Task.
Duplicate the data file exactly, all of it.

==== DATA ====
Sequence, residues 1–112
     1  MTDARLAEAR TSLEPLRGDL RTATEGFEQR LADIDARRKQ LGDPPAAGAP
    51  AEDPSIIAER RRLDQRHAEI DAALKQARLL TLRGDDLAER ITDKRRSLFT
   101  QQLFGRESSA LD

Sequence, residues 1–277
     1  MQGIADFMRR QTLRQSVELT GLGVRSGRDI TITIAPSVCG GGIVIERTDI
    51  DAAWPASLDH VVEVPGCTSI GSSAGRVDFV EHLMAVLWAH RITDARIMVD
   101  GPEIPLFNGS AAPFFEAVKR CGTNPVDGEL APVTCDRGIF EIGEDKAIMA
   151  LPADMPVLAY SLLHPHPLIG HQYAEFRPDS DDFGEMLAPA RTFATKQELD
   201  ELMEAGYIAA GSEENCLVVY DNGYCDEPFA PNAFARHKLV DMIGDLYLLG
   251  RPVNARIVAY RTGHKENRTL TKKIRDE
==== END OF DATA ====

Sequence, residues 1–112
     1  MTDARLAEAR TSLEPLRGDL RTATEGFEQR LADIDARRKQ LGDPPAAGAP
    51  AEDPSIIAER RRLDQRHAEI DAALKQARLL TLRGDDLAER ITDKRRSLFT
   101  QQLFGRESSA LD

Sequence, residues 1–277
     1  MQGIADFMRR QTLRQSVELT GLGVRSGRDI TITIAPSVCG GGIVIERTDI
    51  DAAWPASLDH VVEVPGCTSI GSSAGRVDFV EHLMAVLWAH RITDARIMVD
   101  GPEIPLFNGS AAPFFEAVKR CGTNPVDGEL APVTCDRGIF EIGEDKAIMA
   151  LPADMPVLAY SLLHPHPLIG HQYAEFRPDS DDFGEMLAPA RTFATKQELD
   201  ELMEAGYIAA GSEENCLVVY DNGYCDEPFA PNAFARHKLV DMIGDLYLLG
   251  RPVNARIVAY RTGHKENRTL TKKIRDE